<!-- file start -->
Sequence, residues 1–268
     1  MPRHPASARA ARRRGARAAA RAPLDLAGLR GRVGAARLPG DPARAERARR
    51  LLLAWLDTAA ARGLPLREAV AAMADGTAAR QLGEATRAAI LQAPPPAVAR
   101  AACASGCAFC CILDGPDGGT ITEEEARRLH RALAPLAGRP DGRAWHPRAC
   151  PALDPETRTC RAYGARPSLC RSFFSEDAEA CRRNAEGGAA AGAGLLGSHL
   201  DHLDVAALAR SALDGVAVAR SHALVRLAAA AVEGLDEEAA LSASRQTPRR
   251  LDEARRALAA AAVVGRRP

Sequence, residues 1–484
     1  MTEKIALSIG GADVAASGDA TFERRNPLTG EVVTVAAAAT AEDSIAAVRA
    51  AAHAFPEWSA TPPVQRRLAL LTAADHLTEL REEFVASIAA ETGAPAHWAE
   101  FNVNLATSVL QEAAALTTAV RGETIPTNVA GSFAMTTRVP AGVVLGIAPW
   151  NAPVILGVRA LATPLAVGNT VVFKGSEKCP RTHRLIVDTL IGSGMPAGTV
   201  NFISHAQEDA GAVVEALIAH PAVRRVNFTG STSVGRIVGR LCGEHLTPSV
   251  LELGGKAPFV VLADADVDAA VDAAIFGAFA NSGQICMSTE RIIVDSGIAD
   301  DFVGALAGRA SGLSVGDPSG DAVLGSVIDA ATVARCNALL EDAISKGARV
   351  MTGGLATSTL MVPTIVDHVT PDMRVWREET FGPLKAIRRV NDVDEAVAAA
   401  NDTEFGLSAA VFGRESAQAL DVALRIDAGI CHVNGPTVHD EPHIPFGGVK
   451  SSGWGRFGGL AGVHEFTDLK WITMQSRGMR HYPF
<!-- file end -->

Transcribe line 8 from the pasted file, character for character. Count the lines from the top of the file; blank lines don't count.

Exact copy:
Sequence, residues 1–484